Inside the Black Box of 'White Flight': The Role of Suburban Political Autonomy and Public Goods

Leah Platt Boustan, Harvard University and Minnesota Population Center

Why did white households relocate to the suburbs in response to black in-migration, despite the presence of many all-white neighborhoods within segregated cities? By moving, residents could avoid compromising with black arrivals on property taxes and public expenditures and sending their children to diverse public schools. I use housing prices to reveal the marginal willingness to pay for this suburban autonomy by comparing neighboring blocks that fall on either side of city-suburban borders in 1970. To account for fixed differences in the housing stock, for example due to zoning, I also examine relative changes in housing prices across borders over time. Housing prices in diverse jurisdictions are worth 1.5-3.0 percent less than their suburban neighbors. The correlation between race and poverty – and the resulting increase in city property tax rates – accounts for half of this relationship. Parental preferences for white classmates in local public schools are also important.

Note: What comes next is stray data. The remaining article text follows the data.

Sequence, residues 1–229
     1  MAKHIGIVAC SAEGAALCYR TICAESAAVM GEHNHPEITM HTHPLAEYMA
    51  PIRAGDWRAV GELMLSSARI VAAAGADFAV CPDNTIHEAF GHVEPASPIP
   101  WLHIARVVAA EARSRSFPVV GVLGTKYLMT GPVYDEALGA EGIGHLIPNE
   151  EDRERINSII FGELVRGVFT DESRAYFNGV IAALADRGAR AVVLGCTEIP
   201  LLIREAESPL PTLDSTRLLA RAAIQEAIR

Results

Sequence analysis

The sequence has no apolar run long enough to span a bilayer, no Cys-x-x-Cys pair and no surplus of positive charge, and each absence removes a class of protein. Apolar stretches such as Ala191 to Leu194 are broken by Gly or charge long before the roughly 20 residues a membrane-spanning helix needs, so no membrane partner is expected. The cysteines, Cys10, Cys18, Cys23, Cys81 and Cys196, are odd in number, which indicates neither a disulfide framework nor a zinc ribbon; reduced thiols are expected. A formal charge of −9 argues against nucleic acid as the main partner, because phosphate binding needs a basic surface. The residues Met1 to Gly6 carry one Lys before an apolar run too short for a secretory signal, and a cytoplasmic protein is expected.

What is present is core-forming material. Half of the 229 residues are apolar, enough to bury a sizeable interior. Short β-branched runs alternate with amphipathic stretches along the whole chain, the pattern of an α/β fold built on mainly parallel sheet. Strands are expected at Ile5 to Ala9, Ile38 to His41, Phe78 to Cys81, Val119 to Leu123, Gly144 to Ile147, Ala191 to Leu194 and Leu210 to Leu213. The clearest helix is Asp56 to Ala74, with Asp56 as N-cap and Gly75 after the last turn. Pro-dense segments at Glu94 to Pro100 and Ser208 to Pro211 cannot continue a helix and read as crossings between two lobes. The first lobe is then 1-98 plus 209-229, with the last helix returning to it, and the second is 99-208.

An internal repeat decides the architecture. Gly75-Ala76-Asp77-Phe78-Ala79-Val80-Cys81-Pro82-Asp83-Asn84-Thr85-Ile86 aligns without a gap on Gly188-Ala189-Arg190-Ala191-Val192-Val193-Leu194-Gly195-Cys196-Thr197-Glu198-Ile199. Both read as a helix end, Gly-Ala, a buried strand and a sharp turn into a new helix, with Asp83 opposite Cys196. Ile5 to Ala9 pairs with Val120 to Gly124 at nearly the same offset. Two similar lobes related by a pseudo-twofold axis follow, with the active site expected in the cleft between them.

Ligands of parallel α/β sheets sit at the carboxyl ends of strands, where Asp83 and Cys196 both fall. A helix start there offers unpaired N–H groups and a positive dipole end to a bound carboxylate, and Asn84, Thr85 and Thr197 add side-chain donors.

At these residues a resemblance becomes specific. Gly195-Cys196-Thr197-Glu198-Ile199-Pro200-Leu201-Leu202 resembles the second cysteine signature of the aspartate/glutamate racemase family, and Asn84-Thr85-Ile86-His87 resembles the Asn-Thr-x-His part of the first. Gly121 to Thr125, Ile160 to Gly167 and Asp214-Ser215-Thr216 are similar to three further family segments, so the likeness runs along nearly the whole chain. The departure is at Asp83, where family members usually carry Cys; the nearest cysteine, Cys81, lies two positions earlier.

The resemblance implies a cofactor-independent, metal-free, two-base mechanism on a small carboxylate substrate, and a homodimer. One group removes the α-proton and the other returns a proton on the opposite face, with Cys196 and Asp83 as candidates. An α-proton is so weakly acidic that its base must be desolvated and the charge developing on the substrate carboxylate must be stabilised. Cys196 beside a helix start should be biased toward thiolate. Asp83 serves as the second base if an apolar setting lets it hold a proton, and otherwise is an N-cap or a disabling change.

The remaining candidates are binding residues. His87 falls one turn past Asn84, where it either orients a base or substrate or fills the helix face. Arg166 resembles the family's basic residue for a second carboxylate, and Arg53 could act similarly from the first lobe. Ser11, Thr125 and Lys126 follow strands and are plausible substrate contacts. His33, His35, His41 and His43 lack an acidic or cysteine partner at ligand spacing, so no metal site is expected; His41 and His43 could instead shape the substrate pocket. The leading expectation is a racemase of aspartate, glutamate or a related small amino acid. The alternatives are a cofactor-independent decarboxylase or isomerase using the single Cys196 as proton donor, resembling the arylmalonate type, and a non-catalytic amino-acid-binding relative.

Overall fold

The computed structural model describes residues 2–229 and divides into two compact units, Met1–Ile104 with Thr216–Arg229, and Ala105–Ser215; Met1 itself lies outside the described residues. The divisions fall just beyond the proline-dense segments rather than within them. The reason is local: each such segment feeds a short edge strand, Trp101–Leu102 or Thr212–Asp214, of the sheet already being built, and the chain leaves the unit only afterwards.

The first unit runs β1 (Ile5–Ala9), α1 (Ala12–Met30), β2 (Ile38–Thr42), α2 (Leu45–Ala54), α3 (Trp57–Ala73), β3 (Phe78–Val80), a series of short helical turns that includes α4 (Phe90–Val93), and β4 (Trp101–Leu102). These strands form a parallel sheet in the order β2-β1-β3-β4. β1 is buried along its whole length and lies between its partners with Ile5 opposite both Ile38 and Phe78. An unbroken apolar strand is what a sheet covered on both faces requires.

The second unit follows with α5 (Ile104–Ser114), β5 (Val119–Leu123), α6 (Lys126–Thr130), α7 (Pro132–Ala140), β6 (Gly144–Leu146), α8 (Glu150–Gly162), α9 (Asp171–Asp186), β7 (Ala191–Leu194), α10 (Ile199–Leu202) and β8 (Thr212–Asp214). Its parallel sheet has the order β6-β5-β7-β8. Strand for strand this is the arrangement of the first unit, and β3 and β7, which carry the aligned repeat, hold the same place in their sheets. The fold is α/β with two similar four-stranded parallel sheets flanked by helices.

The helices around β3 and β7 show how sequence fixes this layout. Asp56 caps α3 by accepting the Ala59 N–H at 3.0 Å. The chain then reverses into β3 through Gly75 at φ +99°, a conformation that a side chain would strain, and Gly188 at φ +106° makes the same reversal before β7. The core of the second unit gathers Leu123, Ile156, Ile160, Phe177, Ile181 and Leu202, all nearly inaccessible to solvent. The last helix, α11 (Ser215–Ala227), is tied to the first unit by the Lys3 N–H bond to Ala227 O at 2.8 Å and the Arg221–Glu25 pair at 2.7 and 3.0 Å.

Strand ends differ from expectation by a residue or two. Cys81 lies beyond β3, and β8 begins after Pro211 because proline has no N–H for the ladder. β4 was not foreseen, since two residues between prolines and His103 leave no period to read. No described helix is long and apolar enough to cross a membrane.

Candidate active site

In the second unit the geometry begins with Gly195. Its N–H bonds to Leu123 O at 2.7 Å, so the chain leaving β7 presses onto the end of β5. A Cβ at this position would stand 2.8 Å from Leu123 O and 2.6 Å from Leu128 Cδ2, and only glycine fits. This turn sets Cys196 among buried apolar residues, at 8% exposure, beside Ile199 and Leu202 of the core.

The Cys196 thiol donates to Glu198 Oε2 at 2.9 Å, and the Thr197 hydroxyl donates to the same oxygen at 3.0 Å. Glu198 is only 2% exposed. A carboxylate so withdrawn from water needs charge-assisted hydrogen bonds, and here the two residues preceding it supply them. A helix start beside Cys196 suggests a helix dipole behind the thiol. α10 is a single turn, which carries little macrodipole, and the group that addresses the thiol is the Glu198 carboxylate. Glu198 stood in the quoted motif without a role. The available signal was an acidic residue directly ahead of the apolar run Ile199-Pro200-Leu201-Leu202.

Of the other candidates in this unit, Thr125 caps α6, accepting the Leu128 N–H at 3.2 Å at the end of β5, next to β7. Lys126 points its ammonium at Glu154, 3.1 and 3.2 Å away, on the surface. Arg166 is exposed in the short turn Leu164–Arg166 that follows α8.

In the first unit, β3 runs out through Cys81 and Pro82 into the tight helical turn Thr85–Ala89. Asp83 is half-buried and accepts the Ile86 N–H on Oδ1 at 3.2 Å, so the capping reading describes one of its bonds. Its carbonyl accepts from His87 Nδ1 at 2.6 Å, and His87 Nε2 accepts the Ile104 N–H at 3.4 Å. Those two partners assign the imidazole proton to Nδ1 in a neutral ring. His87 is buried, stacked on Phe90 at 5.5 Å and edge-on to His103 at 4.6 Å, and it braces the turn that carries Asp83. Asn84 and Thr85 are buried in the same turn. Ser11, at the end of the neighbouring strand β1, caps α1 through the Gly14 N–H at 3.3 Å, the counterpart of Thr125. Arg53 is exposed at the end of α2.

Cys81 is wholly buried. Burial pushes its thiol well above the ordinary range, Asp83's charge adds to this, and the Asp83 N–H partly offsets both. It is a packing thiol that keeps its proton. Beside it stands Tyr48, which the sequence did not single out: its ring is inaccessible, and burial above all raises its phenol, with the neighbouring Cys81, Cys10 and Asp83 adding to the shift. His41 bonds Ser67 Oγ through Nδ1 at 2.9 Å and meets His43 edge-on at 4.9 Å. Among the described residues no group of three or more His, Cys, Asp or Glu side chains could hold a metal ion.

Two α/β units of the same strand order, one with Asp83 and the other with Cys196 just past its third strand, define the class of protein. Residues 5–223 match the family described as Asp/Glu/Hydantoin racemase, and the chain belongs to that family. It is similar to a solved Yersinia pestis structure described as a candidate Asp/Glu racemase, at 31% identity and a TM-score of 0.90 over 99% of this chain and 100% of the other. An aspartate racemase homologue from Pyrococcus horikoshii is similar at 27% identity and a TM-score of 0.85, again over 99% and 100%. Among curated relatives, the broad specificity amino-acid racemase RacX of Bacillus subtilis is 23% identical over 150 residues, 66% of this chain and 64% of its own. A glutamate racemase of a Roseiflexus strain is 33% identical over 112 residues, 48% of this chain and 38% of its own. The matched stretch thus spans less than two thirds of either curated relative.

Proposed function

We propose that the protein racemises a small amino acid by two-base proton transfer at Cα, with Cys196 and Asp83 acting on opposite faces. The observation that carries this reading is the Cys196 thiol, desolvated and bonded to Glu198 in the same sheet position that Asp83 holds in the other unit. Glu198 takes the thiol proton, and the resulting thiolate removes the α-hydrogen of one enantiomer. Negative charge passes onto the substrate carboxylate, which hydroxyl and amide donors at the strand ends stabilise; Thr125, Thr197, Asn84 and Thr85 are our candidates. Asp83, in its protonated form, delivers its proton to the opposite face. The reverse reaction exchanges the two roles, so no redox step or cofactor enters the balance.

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Presented in Session 48: Residential Segregation